So, let’s switch gears one more time before synthesizing (heh) the Stroop Effect with synesthesia. If you have not already relished the joy of watching Office Space, you should. It’s just one of many reasons 1999 was the best year ever. In any case, Office Space involves a bit o’ hypnotherapy, which is an odd, interesting means of altering “highly suggestible” people’s cognitive processes. It almost seems like it shouldn’t work, but it does.

In fact, according to some studies, hypnosis can completely disrupt synesthetic experiences in synesthetes as well as generate them in non-synesthetes, suggesting that disinhibition of associative pathways may influence synesthesia, not necessarily hyperconnectivity. And here’s the synthesis: the reaction time lag characteristic of the Stroop Effect, too, can be suspended via hypnosis.

on: http://animatedviews.com/wp-content/uploads/2007/10/junglebook-10.JPG

"You're beginning to feel less Stroopy."

What’s most fascinating about these studies is the fact that they represent total top-down manipulation of associative networks normally considered unconscious. Daniel Tammet can’t help the fact that he perceives π as visually beautiful; it’s an unconscious, unbidden association. But in these studies, the competition for different pathways and the hyperconnectivty or hyper-disinhibition of networks is arrested through conscious means (certainly, being hypnotized is a different state of consciousness, to say the least, but it is a conscious state). To be able to meddle with such pathway connectivity is… it’s Bene Gesserit shenaniganry, that’s what it is. All we need to do now is convince highly suggestible individuals with HIV to quit having AIDs.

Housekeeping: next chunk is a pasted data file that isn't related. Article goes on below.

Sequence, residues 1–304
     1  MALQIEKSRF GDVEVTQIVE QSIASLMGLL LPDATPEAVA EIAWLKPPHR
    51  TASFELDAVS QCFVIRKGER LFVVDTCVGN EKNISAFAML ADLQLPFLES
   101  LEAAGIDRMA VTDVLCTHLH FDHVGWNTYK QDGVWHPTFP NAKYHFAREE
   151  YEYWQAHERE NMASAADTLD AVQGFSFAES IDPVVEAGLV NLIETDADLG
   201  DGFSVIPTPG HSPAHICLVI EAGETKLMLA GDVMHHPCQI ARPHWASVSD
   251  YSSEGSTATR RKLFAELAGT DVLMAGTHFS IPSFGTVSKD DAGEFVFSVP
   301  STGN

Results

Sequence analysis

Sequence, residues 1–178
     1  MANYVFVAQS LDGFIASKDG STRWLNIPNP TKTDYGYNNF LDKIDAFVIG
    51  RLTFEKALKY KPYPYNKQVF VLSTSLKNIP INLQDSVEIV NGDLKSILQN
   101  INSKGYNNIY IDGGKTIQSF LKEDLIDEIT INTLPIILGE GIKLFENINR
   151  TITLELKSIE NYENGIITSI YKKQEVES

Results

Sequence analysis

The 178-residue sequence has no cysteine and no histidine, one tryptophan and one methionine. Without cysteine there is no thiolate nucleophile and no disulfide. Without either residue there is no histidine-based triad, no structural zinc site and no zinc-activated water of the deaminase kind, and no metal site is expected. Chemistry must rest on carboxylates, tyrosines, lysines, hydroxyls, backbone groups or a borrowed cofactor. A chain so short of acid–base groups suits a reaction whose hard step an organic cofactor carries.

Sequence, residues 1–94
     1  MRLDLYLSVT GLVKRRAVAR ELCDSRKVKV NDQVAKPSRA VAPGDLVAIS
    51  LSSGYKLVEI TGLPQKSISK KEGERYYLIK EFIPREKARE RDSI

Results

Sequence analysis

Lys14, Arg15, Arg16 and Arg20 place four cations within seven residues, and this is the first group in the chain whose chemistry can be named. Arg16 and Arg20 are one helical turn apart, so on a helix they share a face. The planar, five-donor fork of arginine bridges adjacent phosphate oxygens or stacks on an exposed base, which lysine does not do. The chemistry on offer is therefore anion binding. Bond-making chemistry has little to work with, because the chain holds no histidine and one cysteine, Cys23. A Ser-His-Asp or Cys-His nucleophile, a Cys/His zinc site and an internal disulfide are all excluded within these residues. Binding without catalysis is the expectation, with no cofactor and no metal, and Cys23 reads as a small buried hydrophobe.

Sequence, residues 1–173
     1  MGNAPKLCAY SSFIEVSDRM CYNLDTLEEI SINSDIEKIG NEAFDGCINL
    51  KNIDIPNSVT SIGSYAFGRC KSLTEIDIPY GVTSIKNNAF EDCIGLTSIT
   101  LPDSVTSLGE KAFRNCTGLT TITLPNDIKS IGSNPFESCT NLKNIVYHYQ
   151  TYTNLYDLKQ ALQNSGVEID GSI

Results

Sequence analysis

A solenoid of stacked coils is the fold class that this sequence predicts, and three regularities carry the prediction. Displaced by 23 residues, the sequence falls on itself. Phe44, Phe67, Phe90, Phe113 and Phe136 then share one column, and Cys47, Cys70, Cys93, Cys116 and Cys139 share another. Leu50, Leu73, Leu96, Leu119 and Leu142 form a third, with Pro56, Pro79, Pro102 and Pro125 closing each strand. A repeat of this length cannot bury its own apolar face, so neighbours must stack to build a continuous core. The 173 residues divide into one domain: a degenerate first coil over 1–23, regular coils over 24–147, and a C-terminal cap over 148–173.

So, when I snap my fingers, you’re going to stop thinking about debauchery and rape when you hear Beethoven’s 9th. You’re also going to leave a nice an insightful comment to this post. And give me my stapler back. Aaaaand buy this shirt. Ooooooh *snap*

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2 responses to “Stroop Da Whoop

  • Colleen

    I think a lot of our memory devices are synesthetic to some degree or another. We not only associate letters with visual cues, but just about anything with aural cues, and scent is good at producing strong memories of pretty much any/every other sense.

    I’m not sure whether it is accurate to call it synesthesia, but I’m pretty fascinated by the ability that some skilled musicians have to listen to music simply by reading the score. In 8 years of choir, I never developed that skill so I was always a little in awe of fellow students who had those sorts of sight reading capabilities.

    I had heard that hypnosis can induce synesthesia, but I’d never heard that it can also reduce the Stroop Effect. That’s pretty cool. I wonder why that is.